Looking for an effective weed and grass killer that isn’t Roundup, glyphosate, or other chemical herbicides? Look no further than vinegar! Using a vinegar weed and grass killer is a great alternative, and it works very well. See the proof in this post.
Vinegar weed and grass killer…yes, it definitely works!
We are deep into yard work season over here, and I wanted to share a quick post on one of the delicious-smelling things I’m using to kill off weeds and grass: vinegar! Yes, I love the smell of vinegar. Reminds me of potato chips and fries.
And what’s better than having your entire yard smell like potato chips? Because, heads up—that’s exactly what happens when you spray your weeds with vinegar. Especially if you’re trying to kill off patches of grass for sheet mulching as we are.
Want more garden content? Check out my My GreenStalk Vertical Planter Review, my post about How to Grow Beautiful Zinnia Flowers, and my Seed Starting 101 post!
Why is vinegar a good choice?
So let’s talk about vinegar weed and grass killer. How does it work? Well, vinegar is made by fermenting ethanol—which is a type of alcohol. During the fermentation process, bacteria convert the ethanol into acetic acid. While most commonly kept in kitchens for cooking, many also use it for cleaning.
It’s effective for cleaning because it is an acid. The acid can dissolve and remove dirt, grime, and mineral buildup from a variety of surfaces. It also has some antimicrobial properties.
It kind of drives me nuts when people say that vinegar weed and grass killer is a good alternative to “chemical herbicides.” Because acetic acid is a chemical. And acetic acid is what makes vinegar, well, vinegar. It’s just acetic acid diluted in water.
When people say vinegar is a good alternative to chemical herbicides, they are often referring to Roundup and similar herbicides that use glyphosate as the active ingredient. I don’t want to get too much into that topic because it’s one of fierce debate given ongoing concerns about its potential health and environmental effects.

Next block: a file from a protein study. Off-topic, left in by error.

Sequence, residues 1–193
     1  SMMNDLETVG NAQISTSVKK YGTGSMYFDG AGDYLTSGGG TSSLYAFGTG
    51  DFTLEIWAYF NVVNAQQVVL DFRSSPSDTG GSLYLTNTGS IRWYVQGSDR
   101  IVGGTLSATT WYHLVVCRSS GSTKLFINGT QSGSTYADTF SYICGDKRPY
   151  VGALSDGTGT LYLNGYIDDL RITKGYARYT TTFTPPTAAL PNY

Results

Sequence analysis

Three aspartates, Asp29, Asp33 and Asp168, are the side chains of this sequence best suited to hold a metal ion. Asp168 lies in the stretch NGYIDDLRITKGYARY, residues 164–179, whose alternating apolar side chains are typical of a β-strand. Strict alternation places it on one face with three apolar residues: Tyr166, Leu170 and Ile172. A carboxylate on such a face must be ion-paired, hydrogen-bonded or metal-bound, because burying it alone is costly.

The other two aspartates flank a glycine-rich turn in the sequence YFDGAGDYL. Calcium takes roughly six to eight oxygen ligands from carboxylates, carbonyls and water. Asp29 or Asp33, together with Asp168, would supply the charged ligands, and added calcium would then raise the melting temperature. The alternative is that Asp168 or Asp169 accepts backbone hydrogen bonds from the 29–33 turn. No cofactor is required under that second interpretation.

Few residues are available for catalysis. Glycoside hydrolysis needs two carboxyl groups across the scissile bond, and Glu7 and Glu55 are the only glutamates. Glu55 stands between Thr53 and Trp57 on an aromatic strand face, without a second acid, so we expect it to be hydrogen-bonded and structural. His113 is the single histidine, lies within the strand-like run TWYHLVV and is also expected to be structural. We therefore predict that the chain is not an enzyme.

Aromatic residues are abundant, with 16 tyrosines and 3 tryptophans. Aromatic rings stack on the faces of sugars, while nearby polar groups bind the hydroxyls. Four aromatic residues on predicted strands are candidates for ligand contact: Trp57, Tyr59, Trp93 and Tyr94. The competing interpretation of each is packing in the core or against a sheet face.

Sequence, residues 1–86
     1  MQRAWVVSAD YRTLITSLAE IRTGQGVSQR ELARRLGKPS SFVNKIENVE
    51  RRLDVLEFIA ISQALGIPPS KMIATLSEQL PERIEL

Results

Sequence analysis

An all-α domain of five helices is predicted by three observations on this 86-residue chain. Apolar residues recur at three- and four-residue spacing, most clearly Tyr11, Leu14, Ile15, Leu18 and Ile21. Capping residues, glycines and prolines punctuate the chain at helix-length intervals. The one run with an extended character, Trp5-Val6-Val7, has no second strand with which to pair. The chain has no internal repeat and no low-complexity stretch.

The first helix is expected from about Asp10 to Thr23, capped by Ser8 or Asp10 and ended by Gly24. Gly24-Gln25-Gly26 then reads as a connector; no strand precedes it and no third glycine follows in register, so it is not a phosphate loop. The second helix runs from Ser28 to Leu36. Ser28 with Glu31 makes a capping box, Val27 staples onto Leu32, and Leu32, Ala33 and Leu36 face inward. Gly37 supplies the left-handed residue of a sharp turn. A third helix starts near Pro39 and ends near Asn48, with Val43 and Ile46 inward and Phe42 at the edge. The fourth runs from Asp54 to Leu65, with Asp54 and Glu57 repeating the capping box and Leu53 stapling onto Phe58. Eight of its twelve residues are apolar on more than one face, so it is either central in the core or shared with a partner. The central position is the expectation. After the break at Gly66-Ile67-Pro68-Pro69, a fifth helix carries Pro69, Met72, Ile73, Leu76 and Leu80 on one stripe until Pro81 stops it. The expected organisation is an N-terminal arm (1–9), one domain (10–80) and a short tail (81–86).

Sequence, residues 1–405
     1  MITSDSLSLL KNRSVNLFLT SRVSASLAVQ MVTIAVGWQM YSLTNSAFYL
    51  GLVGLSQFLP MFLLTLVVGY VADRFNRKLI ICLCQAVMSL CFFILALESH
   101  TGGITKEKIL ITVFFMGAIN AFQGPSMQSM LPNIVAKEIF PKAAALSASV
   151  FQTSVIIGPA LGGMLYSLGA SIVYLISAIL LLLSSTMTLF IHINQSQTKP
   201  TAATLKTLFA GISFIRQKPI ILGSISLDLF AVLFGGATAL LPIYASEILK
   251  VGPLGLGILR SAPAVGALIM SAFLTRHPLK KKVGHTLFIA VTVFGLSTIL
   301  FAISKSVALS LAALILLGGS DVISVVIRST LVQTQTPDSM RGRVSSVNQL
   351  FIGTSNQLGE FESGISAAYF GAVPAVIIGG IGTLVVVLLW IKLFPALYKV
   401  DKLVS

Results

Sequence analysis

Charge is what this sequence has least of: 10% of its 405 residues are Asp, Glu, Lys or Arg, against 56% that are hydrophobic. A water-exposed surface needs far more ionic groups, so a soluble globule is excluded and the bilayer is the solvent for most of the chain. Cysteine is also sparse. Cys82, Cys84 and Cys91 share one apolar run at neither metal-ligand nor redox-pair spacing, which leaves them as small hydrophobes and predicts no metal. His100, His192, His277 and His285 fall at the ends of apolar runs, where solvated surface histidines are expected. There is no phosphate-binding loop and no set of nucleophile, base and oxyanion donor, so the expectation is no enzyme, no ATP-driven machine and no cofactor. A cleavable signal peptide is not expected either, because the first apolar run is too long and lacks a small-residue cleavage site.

In 2015, the World Health Organization classified glyphosate as “probably carcinogenic to humans” based on limited evidence of cancer in humans and sufficient evidence of cancer in laboratory animals. However, other regulatory agencies, such as the EPA and the European Food Safety Authority, have concluded that glyphosate is unlikely to cause cancer in humans.
Environmental impact is also a huge concern of mine. Some studies have suggested that glyphosate may be toxic to these bees, butterflies, and some other aquatic life. Do I know the answer to this? No. But if vinegar works, I’m going to choose vinegar over glyphosate every day.
Can I use regular household vinegar to kill weeds and grass?
You can. There are many recipes online that have you mix regular vinegar with things like epsom salt and dish soap. However, I find that the easiest approach is to use an industrial strength vinegar—also known as horticultural vinegar.
Industrial strength vinegar is simply a highly concentrated form of vinegar. Unlike regular household vinegar, which typically contains 5-7% acetic acid, industrial strength vinegar can contain up to 20-30% acetic acid.